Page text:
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1 April 2011 The Relation of High School Biology Courses & Students' Religious Beliefs to College Students' Knowledge of Evolution
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Abstract

We examined how college students' knowledge of evolution is associated with their self-described religious beliefs and the evolution-related content of their high school biology courses. On average, students entering college know little about evolution. Religious beliefs, the absence of evolution-related instruction in high school, and the presence of creationism-related instruction in high school were all associated with significantly lower scores on an evolution exam. We present an ordered logistic model that helps to explain (1) students' diverse views and knowledge of evolution, and (2) why college-level instruction about evolution often fails to significantly affect students' views about evolution.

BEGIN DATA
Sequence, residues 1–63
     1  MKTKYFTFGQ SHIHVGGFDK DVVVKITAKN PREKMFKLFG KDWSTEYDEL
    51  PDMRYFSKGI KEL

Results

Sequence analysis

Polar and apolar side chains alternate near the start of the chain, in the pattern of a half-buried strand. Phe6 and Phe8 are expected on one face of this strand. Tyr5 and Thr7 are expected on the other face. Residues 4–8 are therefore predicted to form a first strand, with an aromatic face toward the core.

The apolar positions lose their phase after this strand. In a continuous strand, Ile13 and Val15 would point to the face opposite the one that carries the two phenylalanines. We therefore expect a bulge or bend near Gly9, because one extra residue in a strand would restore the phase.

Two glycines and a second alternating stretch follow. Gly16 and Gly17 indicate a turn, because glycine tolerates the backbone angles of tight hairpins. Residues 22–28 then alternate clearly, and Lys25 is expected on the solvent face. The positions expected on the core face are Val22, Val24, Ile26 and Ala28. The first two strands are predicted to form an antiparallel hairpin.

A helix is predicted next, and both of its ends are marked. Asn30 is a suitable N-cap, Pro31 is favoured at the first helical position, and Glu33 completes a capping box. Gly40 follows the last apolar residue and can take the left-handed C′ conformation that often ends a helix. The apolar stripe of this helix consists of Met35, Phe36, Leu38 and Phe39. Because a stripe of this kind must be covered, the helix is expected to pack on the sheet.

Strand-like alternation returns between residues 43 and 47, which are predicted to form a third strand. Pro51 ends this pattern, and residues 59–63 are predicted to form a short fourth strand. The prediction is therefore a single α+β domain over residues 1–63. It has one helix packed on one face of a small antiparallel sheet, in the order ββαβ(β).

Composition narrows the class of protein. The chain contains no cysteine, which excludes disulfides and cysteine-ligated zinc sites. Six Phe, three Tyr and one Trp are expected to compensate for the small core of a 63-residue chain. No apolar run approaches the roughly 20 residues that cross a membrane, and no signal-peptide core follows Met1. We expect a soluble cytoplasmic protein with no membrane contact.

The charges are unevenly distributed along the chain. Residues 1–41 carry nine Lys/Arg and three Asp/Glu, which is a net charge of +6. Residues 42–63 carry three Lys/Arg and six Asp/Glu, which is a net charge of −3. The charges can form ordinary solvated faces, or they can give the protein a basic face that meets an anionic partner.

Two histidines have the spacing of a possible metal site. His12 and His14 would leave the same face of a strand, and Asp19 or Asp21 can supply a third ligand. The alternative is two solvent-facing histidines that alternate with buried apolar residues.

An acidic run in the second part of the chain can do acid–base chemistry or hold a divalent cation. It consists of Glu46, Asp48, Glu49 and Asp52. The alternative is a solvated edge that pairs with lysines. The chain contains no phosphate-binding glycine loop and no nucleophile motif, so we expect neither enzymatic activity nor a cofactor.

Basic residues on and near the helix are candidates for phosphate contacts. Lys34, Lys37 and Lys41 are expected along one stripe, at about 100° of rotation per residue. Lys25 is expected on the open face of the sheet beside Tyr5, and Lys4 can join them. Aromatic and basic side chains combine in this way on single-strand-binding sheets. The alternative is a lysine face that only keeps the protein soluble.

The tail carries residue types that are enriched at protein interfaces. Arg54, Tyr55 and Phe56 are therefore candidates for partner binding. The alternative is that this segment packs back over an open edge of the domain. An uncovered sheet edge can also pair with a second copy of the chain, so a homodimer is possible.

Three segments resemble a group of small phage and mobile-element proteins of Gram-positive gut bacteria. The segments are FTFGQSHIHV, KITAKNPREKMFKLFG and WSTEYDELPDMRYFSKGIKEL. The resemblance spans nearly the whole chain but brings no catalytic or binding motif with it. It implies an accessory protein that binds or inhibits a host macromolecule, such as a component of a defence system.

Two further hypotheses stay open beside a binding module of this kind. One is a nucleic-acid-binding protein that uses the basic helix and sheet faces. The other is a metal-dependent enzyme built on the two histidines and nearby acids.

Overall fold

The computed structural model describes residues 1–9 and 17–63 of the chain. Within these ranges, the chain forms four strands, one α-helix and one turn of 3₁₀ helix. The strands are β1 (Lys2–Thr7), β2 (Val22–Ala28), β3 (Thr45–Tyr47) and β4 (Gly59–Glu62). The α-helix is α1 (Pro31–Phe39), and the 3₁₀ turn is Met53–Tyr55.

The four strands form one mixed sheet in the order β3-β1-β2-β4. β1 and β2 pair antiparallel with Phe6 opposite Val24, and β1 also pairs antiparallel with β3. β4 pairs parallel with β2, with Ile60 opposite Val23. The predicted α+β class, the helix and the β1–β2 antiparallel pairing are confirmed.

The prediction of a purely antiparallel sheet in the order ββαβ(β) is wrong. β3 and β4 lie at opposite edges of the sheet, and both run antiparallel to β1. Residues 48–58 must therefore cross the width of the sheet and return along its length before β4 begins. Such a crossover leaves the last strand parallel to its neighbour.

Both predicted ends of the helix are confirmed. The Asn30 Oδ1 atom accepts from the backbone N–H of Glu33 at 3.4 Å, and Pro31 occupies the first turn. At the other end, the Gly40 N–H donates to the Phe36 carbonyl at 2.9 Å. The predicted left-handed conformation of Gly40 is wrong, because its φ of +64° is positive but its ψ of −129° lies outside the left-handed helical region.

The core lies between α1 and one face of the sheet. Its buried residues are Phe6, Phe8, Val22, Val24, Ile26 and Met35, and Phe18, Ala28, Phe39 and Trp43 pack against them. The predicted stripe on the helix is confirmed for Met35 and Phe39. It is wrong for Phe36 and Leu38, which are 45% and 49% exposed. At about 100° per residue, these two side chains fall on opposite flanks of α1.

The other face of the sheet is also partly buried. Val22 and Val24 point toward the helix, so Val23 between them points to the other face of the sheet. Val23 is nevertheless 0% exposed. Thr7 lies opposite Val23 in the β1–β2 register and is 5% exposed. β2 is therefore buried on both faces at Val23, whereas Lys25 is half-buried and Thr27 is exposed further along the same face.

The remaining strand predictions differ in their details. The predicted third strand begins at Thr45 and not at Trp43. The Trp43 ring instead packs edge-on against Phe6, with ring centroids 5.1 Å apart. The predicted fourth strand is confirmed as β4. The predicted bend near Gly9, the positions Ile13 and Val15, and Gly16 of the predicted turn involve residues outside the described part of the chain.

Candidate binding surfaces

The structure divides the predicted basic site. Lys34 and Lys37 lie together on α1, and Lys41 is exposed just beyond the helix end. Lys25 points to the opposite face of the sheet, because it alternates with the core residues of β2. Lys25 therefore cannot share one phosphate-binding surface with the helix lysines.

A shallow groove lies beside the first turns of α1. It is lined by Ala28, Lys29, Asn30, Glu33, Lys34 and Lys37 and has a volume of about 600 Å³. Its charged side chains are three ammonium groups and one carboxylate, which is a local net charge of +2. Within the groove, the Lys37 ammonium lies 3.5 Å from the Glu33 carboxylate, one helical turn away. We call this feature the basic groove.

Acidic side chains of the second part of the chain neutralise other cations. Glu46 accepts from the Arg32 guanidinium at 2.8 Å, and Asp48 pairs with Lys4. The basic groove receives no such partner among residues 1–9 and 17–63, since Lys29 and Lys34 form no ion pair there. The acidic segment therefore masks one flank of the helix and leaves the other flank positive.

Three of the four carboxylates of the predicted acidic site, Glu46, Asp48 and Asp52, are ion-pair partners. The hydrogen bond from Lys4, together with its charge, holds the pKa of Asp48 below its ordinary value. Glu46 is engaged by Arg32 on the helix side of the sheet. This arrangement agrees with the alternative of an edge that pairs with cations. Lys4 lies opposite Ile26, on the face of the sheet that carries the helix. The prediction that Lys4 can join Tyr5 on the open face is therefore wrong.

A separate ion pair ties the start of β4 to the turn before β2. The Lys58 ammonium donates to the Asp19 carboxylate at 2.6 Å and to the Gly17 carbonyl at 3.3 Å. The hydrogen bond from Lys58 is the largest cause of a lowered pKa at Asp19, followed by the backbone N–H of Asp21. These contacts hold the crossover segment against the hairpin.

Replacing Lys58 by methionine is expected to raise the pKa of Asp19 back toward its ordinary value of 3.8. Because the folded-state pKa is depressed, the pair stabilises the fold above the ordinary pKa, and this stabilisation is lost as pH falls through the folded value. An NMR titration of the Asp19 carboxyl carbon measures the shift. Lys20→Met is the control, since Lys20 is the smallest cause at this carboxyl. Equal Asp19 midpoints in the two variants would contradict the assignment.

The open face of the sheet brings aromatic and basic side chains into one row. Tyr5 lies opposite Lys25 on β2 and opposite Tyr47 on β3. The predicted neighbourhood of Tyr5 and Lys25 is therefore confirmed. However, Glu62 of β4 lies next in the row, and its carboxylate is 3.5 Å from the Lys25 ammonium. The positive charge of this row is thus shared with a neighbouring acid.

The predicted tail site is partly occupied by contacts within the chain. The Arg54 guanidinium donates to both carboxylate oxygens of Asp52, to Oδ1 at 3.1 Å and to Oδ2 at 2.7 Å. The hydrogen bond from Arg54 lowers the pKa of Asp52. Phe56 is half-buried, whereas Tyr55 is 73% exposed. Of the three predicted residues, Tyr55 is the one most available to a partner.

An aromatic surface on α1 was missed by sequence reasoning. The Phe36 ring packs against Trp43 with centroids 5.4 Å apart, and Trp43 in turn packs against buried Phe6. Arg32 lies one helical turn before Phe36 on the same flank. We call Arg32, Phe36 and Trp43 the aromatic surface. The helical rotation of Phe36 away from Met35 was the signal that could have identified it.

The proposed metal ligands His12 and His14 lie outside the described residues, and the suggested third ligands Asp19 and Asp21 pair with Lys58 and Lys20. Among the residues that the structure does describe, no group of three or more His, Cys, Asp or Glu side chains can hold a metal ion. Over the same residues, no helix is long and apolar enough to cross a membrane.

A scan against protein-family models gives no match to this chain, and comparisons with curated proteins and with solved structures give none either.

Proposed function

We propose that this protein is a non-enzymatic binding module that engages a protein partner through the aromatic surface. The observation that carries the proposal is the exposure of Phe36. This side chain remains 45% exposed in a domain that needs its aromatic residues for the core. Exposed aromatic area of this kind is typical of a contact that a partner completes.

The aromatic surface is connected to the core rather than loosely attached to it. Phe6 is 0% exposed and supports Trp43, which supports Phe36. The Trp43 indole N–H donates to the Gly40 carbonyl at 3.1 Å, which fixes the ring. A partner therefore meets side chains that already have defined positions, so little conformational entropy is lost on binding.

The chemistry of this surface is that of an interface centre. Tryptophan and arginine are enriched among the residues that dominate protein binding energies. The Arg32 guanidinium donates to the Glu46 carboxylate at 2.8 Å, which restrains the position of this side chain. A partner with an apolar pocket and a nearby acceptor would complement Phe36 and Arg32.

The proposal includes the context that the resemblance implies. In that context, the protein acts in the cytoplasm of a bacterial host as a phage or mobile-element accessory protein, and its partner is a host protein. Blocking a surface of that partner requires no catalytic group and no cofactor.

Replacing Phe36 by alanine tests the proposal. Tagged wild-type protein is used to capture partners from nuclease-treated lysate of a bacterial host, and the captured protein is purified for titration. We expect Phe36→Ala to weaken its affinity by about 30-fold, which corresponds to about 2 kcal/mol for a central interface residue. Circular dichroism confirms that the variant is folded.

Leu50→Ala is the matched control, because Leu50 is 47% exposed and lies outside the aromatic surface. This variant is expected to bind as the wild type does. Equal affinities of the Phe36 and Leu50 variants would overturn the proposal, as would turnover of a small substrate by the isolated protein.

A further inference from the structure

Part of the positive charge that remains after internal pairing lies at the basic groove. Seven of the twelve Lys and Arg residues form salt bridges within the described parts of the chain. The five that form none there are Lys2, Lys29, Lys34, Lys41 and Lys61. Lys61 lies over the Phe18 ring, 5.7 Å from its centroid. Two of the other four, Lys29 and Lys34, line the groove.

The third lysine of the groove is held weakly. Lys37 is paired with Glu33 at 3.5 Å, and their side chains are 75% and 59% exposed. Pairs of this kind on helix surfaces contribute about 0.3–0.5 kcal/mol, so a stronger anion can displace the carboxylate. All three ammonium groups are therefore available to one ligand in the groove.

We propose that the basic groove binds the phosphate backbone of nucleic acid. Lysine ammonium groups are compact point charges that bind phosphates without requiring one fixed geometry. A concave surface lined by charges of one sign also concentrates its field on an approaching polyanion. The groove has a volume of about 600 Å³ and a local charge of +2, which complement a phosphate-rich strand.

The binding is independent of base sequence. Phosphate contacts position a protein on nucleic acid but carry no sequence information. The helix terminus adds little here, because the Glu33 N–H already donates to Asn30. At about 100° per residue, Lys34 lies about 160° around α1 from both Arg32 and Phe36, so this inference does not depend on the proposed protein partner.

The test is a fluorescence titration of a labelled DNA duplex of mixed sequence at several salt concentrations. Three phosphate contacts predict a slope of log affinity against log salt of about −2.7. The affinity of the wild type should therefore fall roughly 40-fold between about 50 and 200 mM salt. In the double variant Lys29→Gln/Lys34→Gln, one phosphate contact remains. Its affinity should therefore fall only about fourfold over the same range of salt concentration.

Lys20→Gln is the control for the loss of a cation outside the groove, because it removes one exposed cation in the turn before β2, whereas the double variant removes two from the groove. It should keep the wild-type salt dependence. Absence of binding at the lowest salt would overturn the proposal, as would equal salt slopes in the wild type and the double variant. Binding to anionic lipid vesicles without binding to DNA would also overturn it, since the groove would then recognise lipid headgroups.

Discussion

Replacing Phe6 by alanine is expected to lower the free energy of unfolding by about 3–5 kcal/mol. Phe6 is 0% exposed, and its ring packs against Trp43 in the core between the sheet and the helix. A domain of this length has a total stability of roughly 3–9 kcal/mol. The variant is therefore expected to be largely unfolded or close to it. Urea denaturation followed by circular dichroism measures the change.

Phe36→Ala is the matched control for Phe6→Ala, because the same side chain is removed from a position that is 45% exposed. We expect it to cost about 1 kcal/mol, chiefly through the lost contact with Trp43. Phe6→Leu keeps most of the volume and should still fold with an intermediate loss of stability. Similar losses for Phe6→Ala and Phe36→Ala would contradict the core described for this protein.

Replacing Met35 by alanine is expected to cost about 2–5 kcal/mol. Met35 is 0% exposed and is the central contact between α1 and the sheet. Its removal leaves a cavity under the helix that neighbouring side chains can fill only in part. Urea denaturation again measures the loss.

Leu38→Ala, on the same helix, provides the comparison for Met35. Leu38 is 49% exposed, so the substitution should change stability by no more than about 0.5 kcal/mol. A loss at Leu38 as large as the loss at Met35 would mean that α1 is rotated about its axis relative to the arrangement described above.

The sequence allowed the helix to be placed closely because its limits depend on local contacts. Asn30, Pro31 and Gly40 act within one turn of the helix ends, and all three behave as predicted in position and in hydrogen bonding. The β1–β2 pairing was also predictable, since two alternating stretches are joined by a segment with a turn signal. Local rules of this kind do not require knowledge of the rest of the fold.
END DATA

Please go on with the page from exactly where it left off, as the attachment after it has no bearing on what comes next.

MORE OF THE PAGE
© 2011 by National Association of Biology Teachers. All rights reserved. Request permission to photocopy or reproduce article content at the University of California Press's Rights and Permissions Web site at www.ucpressjournals.com/reprintinfo.asp.
Randy Moore, D. Christopher Brooks, and Sehoya Cotner "The Relation of High School Biology Courses & Students' Religious Beliefs to College Students' Knowledge of Evolution," The American Biology Teacher 73(4), (1 April 2011). https://doi.org/10.1525/abt.2011.73.4.7
Published: 1 April 2011
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